Gundogan enjoyed a season of rejuvenation at the Etihad Stadium, his first relatively injury-free campaign after a serious knee ligament injury, and arrives into this tournament with a spring in his step and no scars having not playing in the Mexico loss.
He has a modest record at international level, though injuries have restricted his progress. Four years ago, Gundogan didn’t feature in World Cup glory so will feel he has some making up to do.
Forsberg could prove to be a factor
The heir to Zlatan Ibrahimovic’s throne, Emil Forsberg, struggled to stand out against Korea.
The RB Leipzig winger, 26, who is being tracked by Arsenal and Manchester United among others, is one man who has the quality at his feet – something, as a whole, this Sweden team don’t possess.
In the opener, he struggled to get into the game on the left-hand side and managed just one dribble. All of his four efforts on goal were off target, too.
He will certainly be hoping to improve on these statistics and raise his game against the Germans, although his pass completion (89.7 per cent) was higher than any one of his team-mates and highlighted his class and composure.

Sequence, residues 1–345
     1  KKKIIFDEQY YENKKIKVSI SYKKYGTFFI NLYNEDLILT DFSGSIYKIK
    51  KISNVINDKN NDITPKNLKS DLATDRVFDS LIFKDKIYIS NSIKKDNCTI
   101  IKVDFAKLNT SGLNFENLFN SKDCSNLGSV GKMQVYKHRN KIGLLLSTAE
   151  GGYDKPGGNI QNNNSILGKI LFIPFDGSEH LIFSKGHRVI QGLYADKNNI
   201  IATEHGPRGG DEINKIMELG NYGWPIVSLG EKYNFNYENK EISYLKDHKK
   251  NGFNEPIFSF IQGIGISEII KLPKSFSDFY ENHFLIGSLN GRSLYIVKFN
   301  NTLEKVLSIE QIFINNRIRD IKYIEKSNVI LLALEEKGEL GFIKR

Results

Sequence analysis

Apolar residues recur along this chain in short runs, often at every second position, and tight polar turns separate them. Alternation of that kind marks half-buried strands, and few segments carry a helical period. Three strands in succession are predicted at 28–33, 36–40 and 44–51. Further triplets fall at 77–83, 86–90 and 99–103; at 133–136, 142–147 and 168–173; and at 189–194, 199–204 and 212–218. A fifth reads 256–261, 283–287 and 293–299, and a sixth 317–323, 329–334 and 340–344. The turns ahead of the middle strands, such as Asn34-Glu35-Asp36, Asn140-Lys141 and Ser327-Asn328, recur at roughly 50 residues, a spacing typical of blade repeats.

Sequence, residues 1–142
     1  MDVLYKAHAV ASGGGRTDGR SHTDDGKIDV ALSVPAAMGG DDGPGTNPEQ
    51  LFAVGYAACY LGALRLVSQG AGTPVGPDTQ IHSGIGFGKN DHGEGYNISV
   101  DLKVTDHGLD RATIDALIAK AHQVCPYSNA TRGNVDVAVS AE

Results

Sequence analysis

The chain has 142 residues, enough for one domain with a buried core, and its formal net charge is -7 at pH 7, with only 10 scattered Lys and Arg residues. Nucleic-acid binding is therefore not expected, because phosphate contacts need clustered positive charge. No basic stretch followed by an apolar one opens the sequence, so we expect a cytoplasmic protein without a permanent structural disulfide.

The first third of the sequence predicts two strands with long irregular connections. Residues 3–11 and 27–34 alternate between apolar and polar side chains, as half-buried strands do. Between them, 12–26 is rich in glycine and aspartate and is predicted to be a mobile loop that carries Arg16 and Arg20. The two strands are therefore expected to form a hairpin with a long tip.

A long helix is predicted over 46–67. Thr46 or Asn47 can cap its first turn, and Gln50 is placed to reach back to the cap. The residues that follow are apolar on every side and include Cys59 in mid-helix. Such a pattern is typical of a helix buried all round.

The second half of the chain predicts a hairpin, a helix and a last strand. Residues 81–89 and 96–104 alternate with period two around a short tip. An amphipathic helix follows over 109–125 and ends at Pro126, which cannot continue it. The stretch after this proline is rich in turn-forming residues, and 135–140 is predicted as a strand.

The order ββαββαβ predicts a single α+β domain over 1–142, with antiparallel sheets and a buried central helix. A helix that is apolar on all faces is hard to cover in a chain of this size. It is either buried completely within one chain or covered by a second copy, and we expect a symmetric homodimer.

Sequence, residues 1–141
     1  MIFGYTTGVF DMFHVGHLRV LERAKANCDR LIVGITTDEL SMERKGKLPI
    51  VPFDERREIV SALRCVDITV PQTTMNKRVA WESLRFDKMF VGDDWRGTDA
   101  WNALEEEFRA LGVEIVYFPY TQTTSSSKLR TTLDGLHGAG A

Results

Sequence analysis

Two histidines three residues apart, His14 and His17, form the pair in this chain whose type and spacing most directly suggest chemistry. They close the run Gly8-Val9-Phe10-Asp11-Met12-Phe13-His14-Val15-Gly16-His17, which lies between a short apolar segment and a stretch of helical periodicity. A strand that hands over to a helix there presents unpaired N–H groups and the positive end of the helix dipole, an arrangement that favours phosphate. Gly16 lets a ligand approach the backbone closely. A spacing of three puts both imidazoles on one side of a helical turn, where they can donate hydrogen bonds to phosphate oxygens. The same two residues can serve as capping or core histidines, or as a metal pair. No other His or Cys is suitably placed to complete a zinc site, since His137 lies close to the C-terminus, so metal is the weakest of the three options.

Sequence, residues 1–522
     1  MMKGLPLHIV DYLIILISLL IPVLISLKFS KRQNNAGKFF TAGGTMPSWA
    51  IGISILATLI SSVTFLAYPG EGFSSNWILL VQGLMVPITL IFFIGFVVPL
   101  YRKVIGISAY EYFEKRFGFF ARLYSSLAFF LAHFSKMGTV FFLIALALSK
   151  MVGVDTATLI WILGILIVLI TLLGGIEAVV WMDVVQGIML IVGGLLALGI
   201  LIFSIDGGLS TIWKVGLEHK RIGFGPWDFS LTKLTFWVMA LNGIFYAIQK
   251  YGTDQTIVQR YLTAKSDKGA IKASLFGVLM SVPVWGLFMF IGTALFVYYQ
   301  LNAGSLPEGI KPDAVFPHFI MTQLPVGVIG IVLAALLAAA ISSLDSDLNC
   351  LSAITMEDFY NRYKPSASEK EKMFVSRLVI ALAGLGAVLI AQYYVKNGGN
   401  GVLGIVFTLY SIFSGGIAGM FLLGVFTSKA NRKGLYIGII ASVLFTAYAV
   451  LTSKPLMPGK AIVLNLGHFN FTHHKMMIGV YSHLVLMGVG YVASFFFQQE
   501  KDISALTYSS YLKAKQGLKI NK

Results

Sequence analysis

It does indeed speak volumes of the way Sweden look to get the ball to him at every opportunity and his link-up with left-back Ludwig Augustinsson will be crucial.
Germany’s right full-back Joshua Kimmich was ruthlessly exposed by the Mexicans and Forsberg can be the man to repeat the trick with skillful runs down the channel.
Germany need a fast start
When you need a result, making your way fast out of the starting blocks can make a difference.
Against Mexico, they dominated the possession stakes (retaining 66 per cent of the ball) but were too slow in the implementation of their forward ideas.
Too often, that possession was among the back four and Kroos and Khedira laboured on the ball, and when they lost it, were well and truly hit on the counter-attack by Mexico.
If they are to turn the tables and press Sweden with direct running and powerful forward play, then Julian Draxler could be key to their hopes.
The Paris Saint-Germain winger had the most dribbles (five) in their opener and was a promising outlet. Germany will need to make sure he isn’t wasted.